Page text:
Sunday, July 31, 2011
'Smurfs' Vs 'Cowboys & Aliens' Still Too Close To Call With $36.2M Each: Who'll Win? 'Crazy Stupid Love' Opens #5 With $19.3M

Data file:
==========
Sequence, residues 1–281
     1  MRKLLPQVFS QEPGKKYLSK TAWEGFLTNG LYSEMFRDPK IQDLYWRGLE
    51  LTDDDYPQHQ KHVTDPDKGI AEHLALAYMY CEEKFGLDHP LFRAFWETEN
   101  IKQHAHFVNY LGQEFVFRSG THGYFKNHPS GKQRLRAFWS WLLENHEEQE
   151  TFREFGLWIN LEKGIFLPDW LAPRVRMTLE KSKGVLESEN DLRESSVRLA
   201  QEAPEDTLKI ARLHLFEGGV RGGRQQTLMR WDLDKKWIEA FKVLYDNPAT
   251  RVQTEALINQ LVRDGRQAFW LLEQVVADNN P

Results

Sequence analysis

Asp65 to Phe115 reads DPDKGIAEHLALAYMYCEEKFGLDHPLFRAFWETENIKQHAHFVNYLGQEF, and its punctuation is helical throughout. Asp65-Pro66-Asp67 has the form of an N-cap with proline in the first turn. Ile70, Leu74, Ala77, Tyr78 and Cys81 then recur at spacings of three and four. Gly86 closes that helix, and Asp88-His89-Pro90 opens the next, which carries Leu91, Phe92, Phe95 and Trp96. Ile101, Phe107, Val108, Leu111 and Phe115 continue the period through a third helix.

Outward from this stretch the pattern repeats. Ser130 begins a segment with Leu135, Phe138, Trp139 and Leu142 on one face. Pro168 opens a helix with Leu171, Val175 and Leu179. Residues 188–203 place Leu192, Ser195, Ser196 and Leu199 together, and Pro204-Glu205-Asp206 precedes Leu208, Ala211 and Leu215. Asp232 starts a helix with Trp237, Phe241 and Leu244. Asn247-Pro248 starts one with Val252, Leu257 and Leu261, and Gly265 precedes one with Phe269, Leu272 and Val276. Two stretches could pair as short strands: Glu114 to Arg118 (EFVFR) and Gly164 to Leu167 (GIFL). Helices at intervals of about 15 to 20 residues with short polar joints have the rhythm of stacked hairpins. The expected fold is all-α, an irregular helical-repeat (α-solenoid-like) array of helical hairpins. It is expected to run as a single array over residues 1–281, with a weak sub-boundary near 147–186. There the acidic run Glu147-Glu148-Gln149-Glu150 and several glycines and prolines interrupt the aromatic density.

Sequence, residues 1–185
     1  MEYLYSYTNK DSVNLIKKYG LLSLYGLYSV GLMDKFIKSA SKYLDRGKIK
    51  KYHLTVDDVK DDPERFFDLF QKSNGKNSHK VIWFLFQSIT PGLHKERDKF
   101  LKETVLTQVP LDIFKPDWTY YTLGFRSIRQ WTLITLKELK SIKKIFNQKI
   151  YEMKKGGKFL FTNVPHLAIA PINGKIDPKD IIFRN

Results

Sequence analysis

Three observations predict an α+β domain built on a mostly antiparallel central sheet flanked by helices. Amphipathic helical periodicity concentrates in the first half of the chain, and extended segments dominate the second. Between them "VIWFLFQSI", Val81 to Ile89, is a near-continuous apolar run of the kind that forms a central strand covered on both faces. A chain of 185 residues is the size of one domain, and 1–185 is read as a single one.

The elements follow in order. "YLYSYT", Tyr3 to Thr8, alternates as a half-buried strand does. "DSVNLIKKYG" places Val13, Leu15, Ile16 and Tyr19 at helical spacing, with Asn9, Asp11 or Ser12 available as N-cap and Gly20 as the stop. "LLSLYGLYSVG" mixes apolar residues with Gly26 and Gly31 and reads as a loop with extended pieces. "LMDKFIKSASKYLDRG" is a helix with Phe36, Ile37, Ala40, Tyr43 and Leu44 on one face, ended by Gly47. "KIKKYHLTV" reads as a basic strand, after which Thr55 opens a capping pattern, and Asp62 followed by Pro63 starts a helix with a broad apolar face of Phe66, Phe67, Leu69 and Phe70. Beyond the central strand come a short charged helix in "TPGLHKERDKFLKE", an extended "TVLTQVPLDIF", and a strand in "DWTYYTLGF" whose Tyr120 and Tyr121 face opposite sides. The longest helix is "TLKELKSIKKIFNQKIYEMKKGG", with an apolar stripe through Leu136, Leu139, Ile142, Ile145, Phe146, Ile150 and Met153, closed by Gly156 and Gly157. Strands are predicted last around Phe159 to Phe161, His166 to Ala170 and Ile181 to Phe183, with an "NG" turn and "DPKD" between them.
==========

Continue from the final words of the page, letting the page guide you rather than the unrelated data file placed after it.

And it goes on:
SATURDAY PM/SUNDAY AM, 6TH UPDATE WRITETHRU: If I hear the words "too close to call" one more time this weekend coming from a Hollywood executive looking at early weekend numbers...DreamWorks/Universal's Cowboys & Aliens ticked up slightly from Friday to Saturday, while Sony Pictures'The Smurfs ticked down slightly. So it all depends on Sunday whetherthe Western/scifi mashup or the little blue guysget bragging (and marketing) rights as the#1 opening movie.Right now both Uni and Sonyare projecting Cowboys and Smurfs tied at $36.2Mfor the weekend. Let's see when the dust clears for Monday's actuals.But a Sony exec emails me, "If we beat them or even are close Saturday, we've got them as our Sunday will definitely be better." What is crystal clear is that Smurfs isoverperforming way beyond expectations while Cowboys & Aliens isway behind expectations to the point of tanking. What's more humiliating than Hollywood execs overestimating the openingfor Cowboys and having it fall short? Having their well-pedigreed motion picture with big Hollywood writers (Roberto Orci & Alex Kurtzman), stars (Daniel Craig & Harrison Ford), director (Jon Favreau), and producers (Steven Spielberg &Ron Howard & Brian Grazer) beaten at the box office bySmurfs. Especially with Smurfs playing in 355 fewer North American theaters than Cowboys but charging higher 3D ticket prices. Smurfs even beat Cowboys on CinemaScores: 'A' vs 'B'. The other major studio release was Warner Bros' rom-comCrazy, Stupid, Love which received 'B+' CinemaScore and opened to the normal$19.3M for the weekend.This is another big summer weekend with overall moviegoing$175M which is+20% from last year. 1. Cowboys & Aliens (DreamWorks/Universal) NEW [3,750 Runs] Friday $12.9M, Saturday $13M, Estimated Weekend $36.2M This much-hyped high concept pic from DreamWorks and Relativity and Imagine and Universal (distributing domestic only with Paramount taking foreign) couldn't do even the predicted $45 million for the weekend, but it didn't even get to $40M either."Cowboys & Aliens did not get any late night young male business -- hence the reason Universal's estimates were so far off," a rival studio exec explained to me Friday night.I've been saying for months this actioner should have been done as a comedy! But that idea was only briefly discussed and quickly rejected. Problem is that the budgethas been pegged by insidersat a low of $163M (because of filming rebates) and a high of $200M. That's partly because Cowboys endured a tortured 14-year development history involving more than a dozen writers. (Just five writers received screenplay credit after the Writers Guild not surprisingly held an arbitration trying to figure out who did what.) So here's yet another Hollywood case study of too many cooks spoiling the broth. Awareness had been strong for the title and interest had been best with older males.But tracking had been lagging especially with women of all ages until last Thursday when it popped up. This weekend's exit pollsshowed the audience was 53% male vs. 47% female, with 63% of moviegoersage 30 years and older vs. 37% who were under age30.Good thing Universal is only on the hook for 25% financing with DreamWorks taking 50% and Relativity Media 25%.DreamWorks oversaw production, and the marketing was managed as a partnership among Universal and DreamWorks.The film itself is basedon a 100-page Platinum Studios graphic novel created by Scott Mitchell Rosenberg and written by Fred Van Lente and Andrew Foley. It's going to be hard for anyone involved in the movie to shrug off responsibility for it underperforming because even the studio was gushing pre-release about itspedigree "because of its deep bench of heavyweight filmmakers and stars, and the most fan-engaged because of involving them directly at every step, particularly through director Jon Favreau, the big-ticket director most active in social media and direct interaction with his followers. Every step of the campaign kept many hands on the wheel, shared by Universal, DreamWorks and the filmmaking team, who all worked in close collaboration on every decision." Oops! As for marketing,the first teaser trailer was placed on Part 1 ofHarry Potter And The Deathly Hallows last November, followed bya Super Bowl teaser.The first full trailermade itsdebut on American Idol on April 14th and in theaterson April 29 with Universal's big hit Fast Five. The TV campaign included season finales for Top 10 Nielsen shows and sports events. The publicity campaign launched at last year's Comic-Con even though the film had only been in production for a few weeks, Favreau used his Iron Manconnection with fans to debutnearly 8 minutes of footage, including the first alien attack on the pioneer town in the film.While Harrison Ford made his first-ever appearanceto a huge reception.This year's Comic-Con featured a full-frills world premiere featuringFavreau as well asSpielberg, making his own first appearance at the Con.But it's interesting how the movie disappointed despite favreau whoring himself out toThe Hollywood Reporter (which nobody reads) andAin't It Cool News (which nobody believes).The director even dragged alongproducer Ron Howard and producer/co-writer Bob Orci to some events, showing more and more footage each time.I heard from Universalthat Daniel Craig was a royal pain in the ass when it came to doing publicity, but he did enough with Harrison Ford to merit one magazine cover line, "When Bond Met Indy". (Barf!) The usual talk show circuit was highlighted by Jimmy Kimmel Live's "Cowboys & Aliens Week" promotion which had Favreau revisiting hisDinner For Five cable show and personally interviewing his lead cast members and filmmakers for a series of online segments.Favreau also helped create and star in a special skit withYouTube vlogging personality Freddie Wong, who specializes in action-packed and parody videos especially popular with boys.The filmbecame the firstever to be a primary sponsor of a Nascar across multiple races as well as a tie-in withCoca-Colain theater concessions viadrink cups, and popcorn bags and bucketsover the course of the summer in 8 of the top theater chains in North America.Other promotions with leading brands included 7-Eleven, Nestl, Comcast, NCM/Sprint, Pemmican, and Hilton.Andin addition to all that,the film made a significant Hispanic outreach across specialized media and publicity, highlighted byaclosing night screening at theLos Angeles Latino International Film Festival. Well, you can't fault anyone for lack of trying. 1. The Smurfs - 3D (Sony) NEW [3,395 Runs] Friday $13.4M, Saturday $12.7M, Estimated Weekend $36.2M Sure, it's easy to look down your nose at The Smurfs, but the studio tells me it was brought in out of turnaround from Paramountby no less than Sony Pictures EntertainmentChairman/CEO Michael Lynton.Animation was overseen by Bob Osher and Hannah Minghella (who is now president of production for Sony's Columbia Pictures) whilelive action was shepherded by Doug Belgrad.Marketing was taken in hand by Jeff Blake and Marc Weinstock.Hollywood never expected Smurfs to have such a phenomenal Friday except Sony."The studio has always had confidence in the franchise," an exec gushed to me.Exit polls showed that 35% of this weekend's audience was general moviegoers while 65% was kids with parents. Of the family sample, 40% were parents of children under age 12 and 25% were children under 12. The overall breakdown showed the film skewed female with 64% of the audience moms and/or their daughters. The general age breakdown showed 45% was under 25 and 55% was 25+. Overall,3D accounted for 45% of all ticket sales. Thecartoon first launched in Europe in 1958 so the pic was trackingwell overseasafterGlobal Smurfs Day was organized by Sony in Brussels,Athens,The Hague,Dublin,Mexico City,Panama City,Warsaw,Moscow,Johannesburg,London, and NYC (which celebrated Smurfs Weekincluding lighting the Empire State Building Smurf blue in a special event with UNICEF).There was even a small town in Spain where the village volunteered to paint their entire townSmurf blue. AndSmurfs fans set a new Guinness world record for the largest gathering of people dressed as the little blue guys within a 24-hour period in multiple venues. "That, plus a huge opening in Spain, makes for a pretty Smurfy opening with worldwide prospects for France, Belgium, and Germany opening next week," a Sony exec says. Look, I don't get the appealof garden gnomes or troll dolls orSmurfs for that matter. They creep me out, frankly.But the little blue guys were first drawn byBelgian artistPierre Peyo Cullifordfor a comic book.The Schtroumpfs, as they wereinitially called,have lasted 50 yearsand generatedcomics, books, television series, films, videogames, live shows, and figurines.The Smurfs movie also took a long time to come to the Big Screen.In 1980,the late (and great)Brandon Tartikoffdeveloped the Hanna-Barbera show on NBC forSaturday mornings. It ran8 years. In 1997, producer Jordan Kerner sent the first of a series of letters to Lafig, the licensing agent for the Smurfs brand,as a first step tomaking a movie. And in 2002, afterseeing Kernersadaptation of E.B. WhitesCharlottes Web, Peyos heirs gave the OK.Starring Neil Patrick Harris, Jayma Mays, Sofia Vergara, and Hank Azaria, theroon/live action hybrid wasdirected by Raja Gosnell.Screenplay credits went to J. David Stem & David N. Weiss and Jay Scherick & David Ronn with story by J. David Stem & David N. Weiss. Sony focused its marketing first and foremost on introducing this brand to a whole new generation of kids who were not familiar with it. "The campaign used a two-pronged approach: one track targeted kids and children while the other hit the baby boomers who grew up with the hit NBC series and had a nostalgic connection to this brand from their youth," a Sony exec says.NBCUniversal,as the longtime home of the Smurfs' TV show,airedSony's custom animation and custom promosincluding Smurfs-branded spots, vignettes, in-show integrations, logo animations, sneak peeks, and digital extensions during the past two weeks.Oneshowed the Smurfs taking over an NBCUniversal control room.There also wereNickelodeonsneak peaks during the Saturday Morning Animation Block hosted by Neil Patrick Harris. In the consumer marketing arena,3rd party partners includedMcDonaldsplanned the year's largest global campaignin over 30,000 restaurants. Post cereal, which created the original Smurf Berry Crunch in 1983, is back again with a limited edition blue and white breakfast cereal and collectible box featuring two sides: one with 3D movie graphics and the other with the classic Smurf cartoon art.Gourmet Trading Company put the Smurfs into the nations grocery store produce aisles as the company featured the Smurfs on its packages of blueberries. 3. Captain America - 3D (Marvel/Disney/Paramount) Week 2 [3,715 Runs] Friday $7.8M, Saturday $9.9M,Weekend $24.9M (-62%), Estimated Cume $116.7M Ten days in North American release, Marvel/Disney's latest superhero Captain America: The First Avenger is still running slightly behindThor whichtook in$119.5M by this time vs$117.5M for the Chris Evans adventure.Paramount is gleeful over its 6th consecutive release over $100Min the U.S., claiming no studio has ever had more than 4. This weekend, picopened strong in Latin America and Asia (but not Japan and China). International numbersaround noon. 4. Harry Potter/Hallows Pt 2 - 3D (Warner Bros) Week 3 [4,145 Runs] Friday $6.6M, Saturday $8.5M, Weekend $21.9M, Cume $318.4M Yes, the Harry Potter franchisefinale keeps dropping (-54% this 3rd domestic weekend in release) and now appears front-loaded. But what a load! 5. Crazy, Stupid, Love (Warner Bros) NEW [3,020 Runs] Friday $7M, Weekend $19.3M Another summer weekend, another summer rom-com -- this time from Warner Bros. Better reviewed than most, Crazy, Stupid, Love should have "a large multiple and legs," according to the studio, adding, "Watch for excellent mid-week business as well." The better-than-average casting of Ryan Gosling and Emma Stone and Steve Carell and Julianne Moore signaled this wasn't the usual lamefest with dopey dialogue. And the marketing smartly played off that. "We sought to highlight the films originality, and position it as a funny and deeply felt and refreshing look at how relationships make people crazy," a Warner Bros insider tells me. Branding the title and giving it meaning was also key. Studio married "caught" moments from the film with bold colors and repetitive copy saying This is crazy, This is stupid, This is love. The campaign kicked off with trailers in April and May and played all through the summer. The very aggressive TV campaign started in May with season finales. "We used longer length spots in the beginning to convey the multiple story lines, and used a heavy amount of reviews as soon as we had them to define the film as something out of the ordinary." In terms of publicity, the cast appeared together on the MTV Movie Awards. To build word of mouth, the studio held over 200 screenings in over 60 markets and hosted tastemaker events in key cities designed to tap into that elusive circle of trendsetters especially online. Fans were asked at each screening to tweet if they liked the movie and fan the film on Facebook. Two weeks before release, Warner Bros pushed out 3 online content pieces on Apple. And in keeping with the strategy of pushing out as much content as possible, the final push included an original video shot with Steve Carrell for Funny or Die which appeared this week of release. 6. Friends With Benefits (Screen Gems/Sony) Week 2 [2,926 Runs] Friday $3.2M, Saturday $3.4M,Weekend $9.3M (-48%),Cume $38.2M 7. Horrible Bosses (New Line/Warner Bros) Week 4 [2,510 Runs] Friday $2.2M, Saturday $2.8M,Weekend $7.1M,Cume $96.2M 8. Transformers 3 - 3D (Paramount) Week 5 [2,604 Runs] Friday $1.7M, Saturday $2.3M,Weekend $5.9M, Estimated Cume $337.8M 9. Zookeeper (Sony) Week 4 [2,418 Runs] Friday $1.3M,Saturday $1.6M,Weekend $4.2M, Estimated Cume $68.7M 10. Cars 2 - 3D (Pixar/Disney) Week 6 [1,763 Runs] Friday $671K, Saturday $921K,Weekend $2.3M, Estimated Cume $182M SATURDAY AM, 4TH UPDATE: (Mea Culpa: Not a good idea for me to stay up all night doing box office. I get tired and transpose figures. Here are the corrected numbers.) According to Universal's North American box office stats, Cowboys & Aliens opened only #2 Friday with $12.994M, beaten by the $13.291M debut of Sony Pictures' The Smurfs. But Universal is still claiming its Western/scifi mashup should come in #1 for the weekend at $36.78M, behind the little blue guys toon's $36.02M. Or is that only wishful thinking at this point? Smurfs is really overperforming while Cowboys & Aliens is way behind expectations to the point of tanking. FRIDAY PM/SATURDAY AM, 2ND UPDATE: Talk about humiliation!By late night Friday, it became clear that not only was theWestern/scifi mashup from DreamWorks and Relativity and Imagine and Universal (distributing domestic only with Paramount taking foreign)not doing the predicted$45 million for the weekend, but that itwas running neck-and-neck with Sony Pictures' little blue guys toon for first place. So both Cowboys & Aliens and The Smurfs are looking around$13M for Friday. And we won't knowwho is truly No. 1 well into Saturdaymorning. "Cowboys & Aliens did not get any late night young male business -- hence the reason Universal's estimates were so far off," a rival studio exec explained to me Friday night. But Sony execs went to bedexpecting Smurfs tobe #1which shouldtranslate into a "wayoverperforming' $37M. Some rival studios are even predicting that Cowboys could fall short with only mid-$30sM.Smurfs beat Cowboys on CinemaScores 'A' vs 'B'.Refined numbers and full analysis in the morning. FRIDAY 5 PM UPDATE: Now I'm told that DreamWorks/Imagine/Universal's mashup Cowboys & Aliens is picking up steam at the box office tonight and could open with$17M grosses for Friday and a $45M weekend. "It's hitting a good pace," a Universal exec just told me. Maybe there's more room there because the weekend number is still on the low end of what the studio was expecting. Sony Pictures' Smurfs is looking even stronger for$12M today for a $32M weekend which is respectable for its target audience of very young moviegoers. And Warner Bros' Crazy, Stupid, Love is still looking like $6M today for probably a $19M first weekend in line with other recent rom-coms. Stay tuned for more updates and full analysis tonight. FRIDAY 12 PM: It's still very early so I'm not prepared yet to definitively say that DreamWorks/Imagine/Universal's mashup Cowboys & Aliens is dramatically underperforming because older audiences come out later. But sources are telling me that today's seeming $15M debut may add up to at most a$40M weekend which is below the studio's own lowball projections of $45+M. Sony Pictures' Smurfs is looking like $10M today for $29M weekend which is respectable for its target audience of very young moviegoers. And Warner Bros' Crazy, Stupid, Love is looking like $6M today for probably a $18M first weekend.